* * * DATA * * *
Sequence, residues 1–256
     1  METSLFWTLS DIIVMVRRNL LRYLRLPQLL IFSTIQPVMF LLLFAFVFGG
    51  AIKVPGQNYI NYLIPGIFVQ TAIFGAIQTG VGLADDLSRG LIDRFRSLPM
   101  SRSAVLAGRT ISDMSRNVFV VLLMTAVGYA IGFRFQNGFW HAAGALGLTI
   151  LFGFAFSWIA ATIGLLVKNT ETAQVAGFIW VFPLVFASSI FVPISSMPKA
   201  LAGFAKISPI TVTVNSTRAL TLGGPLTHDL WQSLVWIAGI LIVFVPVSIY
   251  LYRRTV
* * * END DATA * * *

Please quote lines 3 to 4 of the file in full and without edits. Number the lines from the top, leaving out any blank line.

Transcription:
    51  AIKVPGQNYI NYLIPGIFVQ TAIFGAIQTG VGLADDLSRG LIDRFRSLPM
   101  SRSAVLAGRT ISDMSRNVFV VLLMTAVGYA IGFRFQNGFW HAAGALGLTI